Well, my source here is Antoni Prochaska, first edition in 1898, reedited and published1996: (page 29 in second edition)

it happened July 13(1) on metting of the nation(2), which was presided by king Sigismund(3). ...king Sigismund... asked both sides if they recognize supremacy(4) of Roman state. While Teutons with many compliments expressed their will to follow verdict of Sigismund, Polish (5)...(envoy) ... expressed (in very polite form) sovereignity of (Polish) king and crown from Empire...

(1) i guess 1415, but Prochaska style is awafull so i am not sure (2) in Prochaska original: nacji, which in Polish could mean "nation" (second form of nacja: kogo czego nacji) or plural nations (nacje, again kogo czego nacji), and again from context it is hard to see what Prochaska had on thought (3) Roman Emperor, right. (4) Suzerenity, superiority, supremacy (zwierzchnia wladza) (5) i have no idea how rzecznik could be transalted into English. Speaker, spokesman, envoy, representative.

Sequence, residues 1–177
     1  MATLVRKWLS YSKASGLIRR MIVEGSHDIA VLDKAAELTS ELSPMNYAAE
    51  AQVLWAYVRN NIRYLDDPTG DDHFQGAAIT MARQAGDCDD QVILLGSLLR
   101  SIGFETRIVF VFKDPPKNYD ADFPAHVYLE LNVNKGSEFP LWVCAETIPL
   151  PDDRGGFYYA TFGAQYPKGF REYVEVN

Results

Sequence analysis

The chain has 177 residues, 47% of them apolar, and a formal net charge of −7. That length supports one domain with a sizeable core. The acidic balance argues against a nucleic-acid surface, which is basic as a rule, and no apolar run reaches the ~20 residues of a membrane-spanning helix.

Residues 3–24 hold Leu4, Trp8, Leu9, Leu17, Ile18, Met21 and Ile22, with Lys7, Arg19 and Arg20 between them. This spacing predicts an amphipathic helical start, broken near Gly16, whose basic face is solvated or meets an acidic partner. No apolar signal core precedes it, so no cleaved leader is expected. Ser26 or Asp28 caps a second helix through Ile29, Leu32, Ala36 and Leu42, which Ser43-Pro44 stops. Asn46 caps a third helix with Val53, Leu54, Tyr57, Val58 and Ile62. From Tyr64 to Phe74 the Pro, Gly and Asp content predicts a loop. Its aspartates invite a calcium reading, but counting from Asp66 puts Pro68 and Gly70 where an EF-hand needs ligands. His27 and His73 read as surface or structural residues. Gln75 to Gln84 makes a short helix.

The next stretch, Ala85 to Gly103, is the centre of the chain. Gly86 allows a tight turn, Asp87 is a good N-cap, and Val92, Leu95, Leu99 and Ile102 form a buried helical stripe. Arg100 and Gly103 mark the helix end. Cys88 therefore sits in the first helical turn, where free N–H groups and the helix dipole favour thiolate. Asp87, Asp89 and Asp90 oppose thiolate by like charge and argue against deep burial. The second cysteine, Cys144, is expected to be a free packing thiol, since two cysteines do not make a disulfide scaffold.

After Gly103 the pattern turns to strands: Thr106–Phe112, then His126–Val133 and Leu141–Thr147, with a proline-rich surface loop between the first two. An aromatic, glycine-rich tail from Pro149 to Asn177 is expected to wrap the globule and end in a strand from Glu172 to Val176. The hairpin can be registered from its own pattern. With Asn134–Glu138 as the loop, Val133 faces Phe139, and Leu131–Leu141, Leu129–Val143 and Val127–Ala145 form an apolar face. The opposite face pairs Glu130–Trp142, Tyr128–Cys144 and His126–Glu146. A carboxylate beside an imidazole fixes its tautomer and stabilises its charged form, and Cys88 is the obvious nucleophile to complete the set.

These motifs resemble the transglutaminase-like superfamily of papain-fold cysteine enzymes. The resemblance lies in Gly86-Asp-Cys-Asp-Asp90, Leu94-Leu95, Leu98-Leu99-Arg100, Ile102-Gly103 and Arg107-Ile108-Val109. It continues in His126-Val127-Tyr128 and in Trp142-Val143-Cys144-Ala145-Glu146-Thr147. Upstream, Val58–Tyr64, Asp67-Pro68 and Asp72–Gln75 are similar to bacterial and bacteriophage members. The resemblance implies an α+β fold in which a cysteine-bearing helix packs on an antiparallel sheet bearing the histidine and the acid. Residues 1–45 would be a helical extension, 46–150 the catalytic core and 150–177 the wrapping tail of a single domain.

So, as i understand it, on the Council of Constantia Poles clearly stated that they do not consider themselves part of Empire and they consider themselves independent state. If i am right, and i believe i am, if they do not consider themselves part of EMpire, if they do not obey any order of Emperor, and they behave like not just merely independent but like sovereign state, then they were part of Empire in the same part as England or France. If it is generally believed that France and England were part of Empire, then, well, i withdraw, go under table and bark out what i wrote before. But this would mean that term Empire means merely all crhistian states of Empire which recognise moral authority of Emperor as a head of christianity. I respect rights of historians to have their opinion, but i believe that they can't imply any other meaning of belonging of Poland to Empire.